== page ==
Well, synthetic biology aims to design and engineer biologically based parts, novel devices and systems as well as redesigning existing, natural biological systems. Practitioners use a systems approach, an organism is seen as a whole, or a system, and can therefore be engineered, very much like a machine.

you see, kid's stuff

The system is reduced to biological parts (bioparts) whose function is expressed in terms of input/output characteristics. Once these parts have been described in terms of their function, isolated, standardised and syntheticaly reproduced, they can then be combined to from new organisms, very much in the way that an engineer would build a machine using standard devices built from standard parts. It is just that they are parts of a living organism.

These standard parts are defined by their DNA, and this can be manipulated in order to make the perfect part for the perfect device. Parts of the DNA can be removed and synthetic pieces used to replace them. Create the right part that does the right job, put in it a carrier cell (known as chassis) and Bob’s your Uncle, you can start to construct your organism.

The Biobricks Foundation is a not for profit organization that aims to keep a register of these standard parts, maintaining open access and promoting technical standardization, something that is seen as holding the key to the further development of synthetic biology.

Obviously to do all of the above you require technical expertise, the process requires computational modeling in order to analyze the complexities of biological entities and to predict system performance. You require DNA sequencing in order to describe the genome and then of course DNA synthesis, to re-produce either part of or the entire genome itself.

But what are the potential areas of application for this technology, and what can they actually do now?

One of the main fields is undoubtedly medicine. Drugs can be produced that are more effective or have fewer or even no side effects, as the genomes of their active components can be adjusted and synthesized. An example is the development of a synthetic version of the anti-malarial drug Artermisinin that could be industrially and cheaply mass produced, and in the near future antibiotics could become much more efficient.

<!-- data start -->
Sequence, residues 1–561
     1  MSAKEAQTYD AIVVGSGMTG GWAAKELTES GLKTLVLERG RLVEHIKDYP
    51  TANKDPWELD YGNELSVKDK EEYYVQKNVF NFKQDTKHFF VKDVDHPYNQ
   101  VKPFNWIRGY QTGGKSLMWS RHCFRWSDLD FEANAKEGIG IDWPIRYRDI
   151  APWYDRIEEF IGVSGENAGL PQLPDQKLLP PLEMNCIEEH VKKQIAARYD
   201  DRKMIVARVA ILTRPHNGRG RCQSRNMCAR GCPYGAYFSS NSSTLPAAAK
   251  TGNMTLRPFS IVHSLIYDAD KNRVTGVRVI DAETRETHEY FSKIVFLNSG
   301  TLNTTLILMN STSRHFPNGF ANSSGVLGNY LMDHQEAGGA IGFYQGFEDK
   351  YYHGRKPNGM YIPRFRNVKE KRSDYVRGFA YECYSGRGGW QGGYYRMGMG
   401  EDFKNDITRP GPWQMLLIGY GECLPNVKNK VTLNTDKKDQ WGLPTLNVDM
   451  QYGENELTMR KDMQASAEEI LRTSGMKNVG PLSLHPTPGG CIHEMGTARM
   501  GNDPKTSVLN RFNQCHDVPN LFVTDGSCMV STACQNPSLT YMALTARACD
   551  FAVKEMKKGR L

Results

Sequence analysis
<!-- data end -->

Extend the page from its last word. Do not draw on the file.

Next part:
Another existing application is water that changes colour when in contact with different polluting agents making them instantly recognizable. Switches already exist that react to certain types of input. An example could be a cell that is part of a person’s body that reacts to the stimulus of a certain chemical that in turn stimulates the production of another. Imagine for example a device that reacts to a chemical produced by a cancerous cell. This input causes a reaction that produces another chemical to counteract this presence. All working naturally using the body’s energy to function.

Other developments involve the energy sector, the production of plants for bio mass that are not as wasteful as those used today and even the development of synthetic aviation fuels.

In other fields a synthetic form of the silk produced by the Golden Orb spider is under development. This is an extremely strong, fine and lightweight material that could lead the way towards new specialist engineering materials.

They are even working on living computer memory, and  this article describes breakthroughs and results in DNA computing.

Well this is nothing but reasonable, my memory lives in my brain and the memory of my ancestors in my DNA, and now they have the technology to read it and even change it, so why not use it in a computer?

I have written several articles on this and other related topics on the Bassetti Foundation website, and as I said I am no scientist, so all comments and criticism invited and accepted.

Online Gamers as Scientists

If you thought that online gamers were just a load of geeks, incapable of socializing with the outside world, and living within the confines of their own in their bedrooms, you might like to have a look this website called Foldit. Foldit is a game, but its aim is to solve puzzles for science, and players have recently made some remarkable inroads into the world of protein modelling. Below is a model of an Amino Acid, and it is this type of thing that gamers manipulate.
An Amino Acid Protein MoleculeThis article that explains the process is in the online journal Nature, Structure and Molecular Biology, and begins with the following statement:

“Following the failure of a wide range of attempts to solve the crystal structure of M-PMV retroviral protease by molecular replacement, we challenged players of the protein folding game Foldit to produce accurate models of the protein. Remarkably, Foldit players were able to generate models of sufficient quality for successful molecular replacement and subsequent structure determination. The refined structure provides new insights for the design of antiretroviral drugs.”

The fold it game has existed for a couple of years now. Players create protein structures, with the most stable and low energy structures scoring the most points.

The gamers in general are not scientists and they manually manipulate the model from a base form that is provided to them at the start of the operation. They have a variety of tools but the most important thing is that they have better spatial reasoning skills than computers. Computer models had tried to solve the problem cited above for 10 years without success, gamers produced an adequate model that was then refined by scientists in just 3 weeks.

We could draw similarities to citizen science, having seen posts on this blog discussing loaning out some of your computer’s spare hard disk space and memory to solve scientific problems, and the now common use of similar set ups in astronomy.

Just this week the Astronomy and Telescope journal is entitled Citizen Science, and addresses the issue of amateurs classifying high definition photos of far off galaxies. They say that it is the future of astronomic discovery. See my post on The Bassetti Foundation website for a lay explanation.

The gaming process is an interesting innovation though, as it uses skills that may not be particularly associated with science, but reveal themselves to be extremely important.